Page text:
Jump to Main ContentJump to Primary Navigation
Top

“Domestic violence: where is the public outcry?”: Lucy Mangan on the urgent need for a better response

violence.jpg
Lucy Mangan

So, it has been concluded by a serious case review committee that 17-year-old Georgia Williams, murdered, then violated, then dumped in woodland by 23-year-old Jamie Reynolds who had become obsessed with her, was let down by the police and their associated agencies.

You wish that this, that any of this, came as a surprise. But the women’s charity Refuge is currently petitioning (refuge.org.uk/publicinquiry) to open a public enquiry into the response of the police and other state agencies to domestic violence precisely because it does not.

That a young woman – a girl I would call her if I didn’t remember how much I hated that when I was 17 – is killed by a man is not a surprise. That he was known to the police is not a surprise. That the police let him off with a warning after he tried to strangle a 16-year-old girl in 2008 is no surprise. Nor their refusal to take action after his own deeply worried parents came to them about the violent image he was creating. In 2011, the police didn’t check his record when he rammed a colleague’s car after she rejected his advances, so didn’t tie him to the 2008 attack. The eight other agencies involved never coordinated, never noted he was obsessed with Williams, never intervened. And so we have Georgia’s dead body, abandoned in the woods, 50 miles from home.

I sit here sometimes and boggle not at the fact that an average of two women a week are killed by their partners (or, in cases like the obsessed Reynolds, their would-be partners) – I’ve seen enough male violence meted out to my friends and family even in my sheltered and privileged life for this not to shock, though of course it makes it no less eternally hateful – but at the fact that it causes no public outcry. Think what would happen if a group of people of religious/ethnic/sexuality type A killed over a hundred people a year, every year, because they were of religious/ethnic/sexuality type B. I think we’d see a coordinated response then, don’t you? I think some state agencies would engage in some joined up thinking pretty effing pronto. Money, special teams, forces, investigations, aid would be mobilised. And rightly so.

But not when it’s women. According to Refuge, 85% of domestic violence victims seek help from professionals an average of five times before they actually get it. There still seems to be some deep-rooted belief that when a man hits a woman it’s part of the natural order of things. And when he hits her some more. Well, there are beatings and there are beatings, aren’t there? You cause a ruckus outside a pub or club and damage another punter, you can expect to be arrested. But if you do it in the privacy of your own home, to your own woman, that’s different. And when you kill her, that’s an isolated incident. You’re not part of a pattern. You – and she – were just in the wrong place at the wrong time.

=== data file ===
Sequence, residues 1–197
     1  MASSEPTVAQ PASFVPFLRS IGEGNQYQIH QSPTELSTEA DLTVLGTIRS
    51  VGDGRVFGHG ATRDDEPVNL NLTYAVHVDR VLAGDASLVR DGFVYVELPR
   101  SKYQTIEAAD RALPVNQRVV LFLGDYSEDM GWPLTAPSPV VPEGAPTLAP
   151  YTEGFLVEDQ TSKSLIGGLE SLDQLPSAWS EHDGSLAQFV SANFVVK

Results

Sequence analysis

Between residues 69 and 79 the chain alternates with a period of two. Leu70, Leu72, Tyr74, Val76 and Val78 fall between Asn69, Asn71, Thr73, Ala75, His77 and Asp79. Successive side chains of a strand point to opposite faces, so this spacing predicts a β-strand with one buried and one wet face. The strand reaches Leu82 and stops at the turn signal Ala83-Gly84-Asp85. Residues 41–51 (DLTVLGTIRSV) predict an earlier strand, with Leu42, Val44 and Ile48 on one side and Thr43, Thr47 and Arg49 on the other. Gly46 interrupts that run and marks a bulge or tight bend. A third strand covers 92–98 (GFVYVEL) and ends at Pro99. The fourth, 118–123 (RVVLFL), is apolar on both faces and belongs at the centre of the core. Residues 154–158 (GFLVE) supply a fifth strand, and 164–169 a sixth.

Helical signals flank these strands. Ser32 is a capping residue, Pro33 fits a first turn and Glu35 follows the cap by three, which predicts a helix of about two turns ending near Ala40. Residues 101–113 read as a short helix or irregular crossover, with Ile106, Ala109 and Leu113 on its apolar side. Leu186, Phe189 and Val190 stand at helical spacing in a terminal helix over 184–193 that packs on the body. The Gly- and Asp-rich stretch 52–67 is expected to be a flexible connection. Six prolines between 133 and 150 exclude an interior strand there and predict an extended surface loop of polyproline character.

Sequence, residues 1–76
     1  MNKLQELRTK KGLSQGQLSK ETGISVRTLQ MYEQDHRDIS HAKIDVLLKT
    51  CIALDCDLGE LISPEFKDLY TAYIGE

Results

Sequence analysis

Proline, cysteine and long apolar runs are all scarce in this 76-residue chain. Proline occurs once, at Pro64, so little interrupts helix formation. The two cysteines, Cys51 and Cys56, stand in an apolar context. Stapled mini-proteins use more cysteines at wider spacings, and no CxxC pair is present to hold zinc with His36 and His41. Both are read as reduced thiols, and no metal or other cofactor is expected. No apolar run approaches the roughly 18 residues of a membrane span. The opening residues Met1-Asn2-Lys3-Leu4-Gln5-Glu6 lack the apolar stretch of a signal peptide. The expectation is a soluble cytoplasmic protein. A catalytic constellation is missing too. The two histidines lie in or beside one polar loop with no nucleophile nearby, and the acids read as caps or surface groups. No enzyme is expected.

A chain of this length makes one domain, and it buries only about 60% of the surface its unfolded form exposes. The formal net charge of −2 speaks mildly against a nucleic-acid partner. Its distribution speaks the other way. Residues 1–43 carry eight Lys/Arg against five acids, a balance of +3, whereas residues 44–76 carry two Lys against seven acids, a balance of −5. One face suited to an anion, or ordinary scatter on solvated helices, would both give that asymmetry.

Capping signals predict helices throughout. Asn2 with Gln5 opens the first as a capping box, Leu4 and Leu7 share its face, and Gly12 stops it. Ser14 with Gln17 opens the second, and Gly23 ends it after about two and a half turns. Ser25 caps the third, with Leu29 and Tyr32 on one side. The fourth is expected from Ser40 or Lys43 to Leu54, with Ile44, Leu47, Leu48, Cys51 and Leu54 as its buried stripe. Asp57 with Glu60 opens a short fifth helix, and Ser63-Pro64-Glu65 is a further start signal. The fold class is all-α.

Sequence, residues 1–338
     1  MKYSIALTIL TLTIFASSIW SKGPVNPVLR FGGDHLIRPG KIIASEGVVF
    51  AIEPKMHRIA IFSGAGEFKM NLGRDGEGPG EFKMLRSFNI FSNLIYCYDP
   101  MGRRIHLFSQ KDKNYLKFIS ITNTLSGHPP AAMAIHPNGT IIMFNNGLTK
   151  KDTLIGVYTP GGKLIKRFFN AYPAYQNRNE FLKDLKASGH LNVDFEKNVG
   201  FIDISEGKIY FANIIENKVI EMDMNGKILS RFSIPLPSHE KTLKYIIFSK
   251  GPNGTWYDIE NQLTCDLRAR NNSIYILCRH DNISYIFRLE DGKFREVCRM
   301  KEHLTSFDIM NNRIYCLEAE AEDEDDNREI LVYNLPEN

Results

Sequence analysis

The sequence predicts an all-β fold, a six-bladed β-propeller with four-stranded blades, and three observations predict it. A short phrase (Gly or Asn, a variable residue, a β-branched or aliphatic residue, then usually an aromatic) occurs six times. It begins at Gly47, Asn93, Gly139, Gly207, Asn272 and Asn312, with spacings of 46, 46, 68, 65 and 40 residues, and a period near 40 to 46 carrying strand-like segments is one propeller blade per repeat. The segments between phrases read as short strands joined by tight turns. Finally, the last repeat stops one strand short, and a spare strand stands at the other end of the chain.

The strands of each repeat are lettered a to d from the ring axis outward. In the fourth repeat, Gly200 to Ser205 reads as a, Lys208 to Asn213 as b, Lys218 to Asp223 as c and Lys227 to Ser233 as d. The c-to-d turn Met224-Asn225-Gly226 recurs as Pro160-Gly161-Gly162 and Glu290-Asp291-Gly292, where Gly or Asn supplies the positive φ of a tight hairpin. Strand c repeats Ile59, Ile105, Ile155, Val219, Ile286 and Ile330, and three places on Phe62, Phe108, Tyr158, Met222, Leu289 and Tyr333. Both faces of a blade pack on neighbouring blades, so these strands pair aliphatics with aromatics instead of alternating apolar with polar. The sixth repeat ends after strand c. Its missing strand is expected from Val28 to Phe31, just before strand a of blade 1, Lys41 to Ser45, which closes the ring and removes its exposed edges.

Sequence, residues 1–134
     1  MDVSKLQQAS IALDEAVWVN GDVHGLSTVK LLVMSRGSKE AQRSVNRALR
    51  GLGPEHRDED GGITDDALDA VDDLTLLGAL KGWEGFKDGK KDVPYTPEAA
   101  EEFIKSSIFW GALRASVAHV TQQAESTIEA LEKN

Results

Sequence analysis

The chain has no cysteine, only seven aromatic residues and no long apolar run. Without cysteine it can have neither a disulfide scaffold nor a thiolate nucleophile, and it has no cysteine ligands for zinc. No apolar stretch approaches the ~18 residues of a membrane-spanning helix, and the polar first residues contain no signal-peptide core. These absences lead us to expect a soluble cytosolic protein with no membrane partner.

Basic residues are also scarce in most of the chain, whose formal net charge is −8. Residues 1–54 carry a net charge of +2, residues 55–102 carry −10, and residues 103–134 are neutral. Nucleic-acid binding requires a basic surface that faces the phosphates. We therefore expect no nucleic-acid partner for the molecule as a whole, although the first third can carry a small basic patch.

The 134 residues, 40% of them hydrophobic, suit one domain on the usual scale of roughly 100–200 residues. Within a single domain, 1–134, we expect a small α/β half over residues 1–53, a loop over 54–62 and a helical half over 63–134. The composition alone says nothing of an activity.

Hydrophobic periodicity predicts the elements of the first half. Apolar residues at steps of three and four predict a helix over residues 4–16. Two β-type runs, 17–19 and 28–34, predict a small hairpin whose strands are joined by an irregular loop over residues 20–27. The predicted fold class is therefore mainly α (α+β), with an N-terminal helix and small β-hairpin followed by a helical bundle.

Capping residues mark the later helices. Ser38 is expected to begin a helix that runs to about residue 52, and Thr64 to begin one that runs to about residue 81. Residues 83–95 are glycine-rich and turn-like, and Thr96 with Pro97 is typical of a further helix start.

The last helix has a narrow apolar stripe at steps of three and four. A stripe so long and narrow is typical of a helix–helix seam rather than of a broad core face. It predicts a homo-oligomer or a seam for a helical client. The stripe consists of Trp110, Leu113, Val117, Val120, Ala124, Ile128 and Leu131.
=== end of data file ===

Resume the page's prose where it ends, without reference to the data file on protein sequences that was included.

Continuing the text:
I can barely believe that Britain in 2015 is so often that wrong place and that wrong time, but it is. Over a hundred times a year, it is. And that’s just the killings, remember. The visible tip of the iceberg that is made up of years of terrorised misery and suffering among women and, too often again, their children. Years in which far too few of the people we look to for our protection thought it necessary to intervene.

Photography: Ellis Parrinder

Related

ThinkstockPhotos-484348046.jpg

Lucy Mangan on why we should all compliment our colleagues more

rexfeatures_5225188k.jpg

Protesters storm Suffragette film premiere to fight for women's rights

acid.JPG

Acid-attack survivor shares powerful beauty videos to raise awareness

273_LUCY_INLINE.jpg

Lucy Mangan on mansplaining

ThinkstockPhotos-487482698.jpg

A virtual companion to walk you home? The app aiming to keep us safe

10420311_442135085960346_5936089798371020228_n.png

This woman helps domestic abuse victims by offering free tattoos

Cathy brown.jpg

Meet the women battling sexism to fight for a living

Lucy141_rt.jpg

Lucy Mangan on teenage diaries

charlotte-proudman-barrister.jpg

“The LinkedIn barrister wasn't a victim of misogyny”

More

Lucy Mangan: “Apathy is domestic violence's biggest ally”

We shouldn't as why women stay - we should ask how it came to be that it was impossible for them to leave

by Lucy Mangan
01 Aug 2017

Lucy Mangan: we should “think twice” before considering porn harmless

“Porn has become normalised, placed almost beyond criticism by its sheer prevalence”

by Lucy Mangan
25 Jul 2017

Lucy Mangan is defending our right to platonic friendships

Our columnist on the infuriating mistrust a one-on-one dinner with a friend provokes

by Lucy Mangan
11 Jul 2017

Lucy Mangan: being ambitious isn’t for everyone

"I cannot live at full stretch"

by Lucy Mangan
08 Jun 2017

Lucy Mangan is exhausted by the “age of extremes”

“Can’t we all just agree to meet half-way?”

by Lucy Mangan
17 May 2017

Lucy Mangan: “Why I regret losing my religion”

"The older I get and the more chaotic the world gets, the more I wish I could trust in a higher power."

by Lucy Mangan
03 May 2017

Lucy Mangan exposes the dangers of parental point scoring

“Enough of this parent worship”

by Lucy Mangan
01 May 2017

“Family planning: the equality question”

Lucy Mangan on the burden of contraception

by Lucy Mangan
01 Apr 2017

Lucy Mangan on why feeling beautiful starts with your thoughts

“Erase the ugly voices in your head”

by Lucy Mangan
01 Apr 2017

“A step-by-step guide to sexism”: Lucy Mangan responds to ‘Legs-it’

You are a lady and you have legs. Use them to kick ass.

by Lucy Mangan
01 Apr 2017